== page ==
Friday, April 20, 2007

An ode to Perk

Doing this might cause ill feelings, because if you do it for one person, you should do it for everyone, right?

You are likely correct, but nothing feels right these days and I can't claim to be consistent in my work, home, thoughts, actions, or anything these days. The work keeps mounting, the time grows shorter, my patience and stamina flag . . . but you've heard all of this before.

I come here to praise Perk, not bury him . . . or something like that.

While I know he wasn't the first person that I met when we moved to Ohio, he was definitely the only one of that early group of people that I have maintained contact and interaction with since 1998. We were both entering graduate school at OSU--he in the Master program; I in the Ph.D. His was ancient history; mine was 20th century business. He from Kentucky, by way of BYU; I from Georgia, by way of Georgia Southern. We were assigned to the same grad school office in Dulles Hall and we got down to the business of being grad students--taking classes, assisting professors, grading essays, holding "office hours," sitting around and shooting the breeze during time off.

Turns out he was a Tolkien fan and a Star Wars nut (he even had a LARGE collection of action figures and ships in his house). (And, truth be told, he was mostly responsible for getting me into J.K. Rowling and Harry Potter. Many's the twenty minutes Perk and I have debated book theories and criticized the discrepancies between the books and movies.)

So, we got along pretty well. Not only were both of us attending OSU, but our wives were both working at the same place--that very same place that Perk and I eventually came to work at as well. So, there were many commonalities between us.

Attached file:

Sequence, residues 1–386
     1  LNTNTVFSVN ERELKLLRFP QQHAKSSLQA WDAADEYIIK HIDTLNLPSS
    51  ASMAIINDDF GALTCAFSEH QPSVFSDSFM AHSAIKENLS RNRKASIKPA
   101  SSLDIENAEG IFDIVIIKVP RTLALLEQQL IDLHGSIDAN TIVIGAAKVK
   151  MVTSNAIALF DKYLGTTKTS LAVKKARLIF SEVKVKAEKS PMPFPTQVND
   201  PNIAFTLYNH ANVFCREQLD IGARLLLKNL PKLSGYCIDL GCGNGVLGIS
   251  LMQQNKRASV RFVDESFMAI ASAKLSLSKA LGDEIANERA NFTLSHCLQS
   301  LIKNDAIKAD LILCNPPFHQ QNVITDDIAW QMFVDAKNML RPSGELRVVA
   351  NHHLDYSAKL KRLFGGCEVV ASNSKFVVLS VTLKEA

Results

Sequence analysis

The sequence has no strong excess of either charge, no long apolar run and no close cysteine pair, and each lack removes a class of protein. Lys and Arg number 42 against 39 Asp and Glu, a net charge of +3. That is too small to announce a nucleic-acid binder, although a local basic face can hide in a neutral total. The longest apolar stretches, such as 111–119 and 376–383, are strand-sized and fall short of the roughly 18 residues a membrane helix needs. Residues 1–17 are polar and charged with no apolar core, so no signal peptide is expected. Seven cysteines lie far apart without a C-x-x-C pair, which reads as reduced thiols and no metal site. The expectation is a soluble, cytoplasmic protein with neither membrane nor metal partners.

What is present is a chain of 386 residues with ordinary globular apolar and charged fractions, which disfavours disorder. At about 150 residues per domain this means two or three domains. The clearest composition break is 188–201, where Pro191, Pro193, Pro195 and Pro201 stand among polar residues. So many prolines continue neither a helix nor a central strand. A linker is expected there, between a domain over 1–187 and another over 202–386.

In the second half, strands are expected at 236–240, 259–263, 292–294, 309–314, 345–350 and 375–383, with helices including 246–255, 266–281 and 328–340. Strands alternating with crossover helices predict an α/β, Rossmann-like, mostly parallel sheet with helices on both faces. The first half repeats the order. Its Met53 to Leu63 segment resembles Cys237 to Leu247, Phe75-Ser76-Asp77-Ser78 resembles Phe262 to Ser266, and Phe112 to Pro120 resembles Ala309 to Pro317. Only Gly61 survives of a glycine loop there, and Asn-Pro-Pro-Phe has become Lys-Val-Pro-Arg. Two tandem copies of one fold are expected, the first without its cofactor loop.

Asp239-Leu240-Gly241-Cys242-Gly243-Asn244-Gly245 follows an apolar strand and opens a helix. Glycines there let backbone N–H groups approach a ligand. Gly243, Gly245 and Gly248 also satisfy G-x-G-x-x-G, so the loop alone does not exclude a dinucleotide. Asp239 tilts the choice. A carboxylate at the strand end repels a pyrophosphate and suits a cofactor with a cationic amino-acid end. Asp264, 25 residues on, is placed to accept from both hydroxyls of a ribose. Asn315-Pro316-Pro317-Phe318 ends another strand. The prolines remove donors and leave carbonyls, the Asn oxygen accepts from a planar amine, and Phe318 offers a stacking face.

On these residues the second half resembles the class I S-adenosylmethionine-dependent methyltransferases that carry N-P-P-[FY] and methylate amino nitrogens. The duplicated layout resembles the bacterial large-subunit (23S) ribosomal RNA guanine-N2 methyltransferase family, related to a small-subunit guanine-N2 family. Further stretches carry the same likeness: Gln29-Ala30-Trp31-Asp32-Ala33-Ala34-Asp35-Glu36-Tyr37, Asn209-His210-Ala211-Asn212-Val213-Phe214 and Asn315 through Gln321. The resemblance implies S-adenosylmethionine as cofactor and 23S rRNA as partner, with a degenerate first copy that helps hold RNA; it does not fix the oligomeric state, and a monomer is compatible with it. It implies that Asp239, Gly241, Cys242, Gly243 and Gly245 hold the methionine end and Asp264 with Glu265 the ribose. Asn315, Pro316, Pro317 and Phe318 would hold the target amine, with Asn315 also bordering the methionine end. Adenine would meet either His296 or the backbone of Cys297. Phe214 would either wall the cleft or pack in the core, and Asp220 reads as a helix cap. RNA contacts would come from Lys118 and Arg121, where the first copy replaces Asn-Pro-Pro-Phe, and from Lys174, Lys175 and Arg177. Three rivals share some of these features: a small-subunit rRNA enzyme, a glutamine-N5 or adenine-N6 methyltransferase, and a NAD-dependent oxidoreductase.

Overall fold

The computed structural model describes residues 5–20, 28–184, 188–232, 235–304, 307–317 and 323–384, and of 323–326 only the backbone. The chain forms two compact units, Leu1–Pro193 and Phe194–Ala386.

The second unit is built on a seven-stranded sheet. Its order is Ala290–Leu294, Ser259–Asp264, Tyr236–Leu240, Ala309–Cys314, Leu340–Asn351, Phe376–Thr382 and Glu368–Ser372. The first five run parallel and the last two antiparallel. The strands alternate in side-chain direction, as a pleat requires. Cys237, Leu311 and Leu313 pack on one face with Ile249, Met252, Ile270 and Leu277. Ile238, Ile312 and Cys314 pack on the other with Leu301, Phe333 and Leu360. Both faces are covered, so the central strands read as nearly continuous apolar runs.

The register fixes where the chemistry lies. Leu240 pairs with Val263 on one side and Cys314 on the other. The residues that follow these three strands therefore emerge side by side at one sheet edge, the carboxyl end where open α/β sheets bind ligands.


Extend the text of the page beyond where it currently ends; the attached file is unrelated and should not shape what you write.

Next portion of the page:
Let's see, are there any good stories I can tell? My memory being not so reliable, I'm sure that I'll forget some, but the best one occurred when Star War: The Phantom Menace came out. Perk and I both wanted to see it badly, so Lynda and I drove over to their place on a Wednesday night (this was before Perk or I had any kids) and we walked to the theater over by campus. We were both disappointed by what the movie really was . . . though Perk tried harder to defend it than I did. But there were two big news events that night that were only slightly related to the content of the movie.

First, while we were waiting for the movie to begin--in a big line, we heard rumors that George Takei (Sulu of Star Trek fame) was at the bookstore around the corner, trying (I think) to steal some thunder from George Lucas' (then still strong) mojo. Perk wanted badly to go and see Takei, but the rest of us didn't want to lose our place in line. So, we got in the theater and sat down. With just a few minutes to spare before the lights dimmed, it became apparent that Sulu was in the theater with us. After some hemming and hawing, Perk decided to go up to him and talk. (I stayed firmly in my seat.) I don't know if Perk got a chance to actually say anything to Takei, but he did speak to his bodyguard sitting beside him.

Then the movie cranked up and we were all introduced to Jar Jar Binks and Jake Lloyd. I didn't hear Takei laughing out loud, but maybe he fell asleep during the opening crawl about trade regulations and space embargoes.

ANYWAY, once the movie was over, I had to go to the bathroom and who should I pass going out just as I was going in? George Takei himself! We didn't acknowledge one another (not that he would) as men shouldn't when in a bathroom, but that's as close as I got.

Later that night, Lynda and I drove home, I went to bed and when I woke up the next day to go teach my class, I discovered that my car had been stolen from the apartment parking lot.

These are some of the things I think of when I think of you, Perk.

God speed in your travels back to Utah. Have a good time at your new job.

We'll miss you around here.

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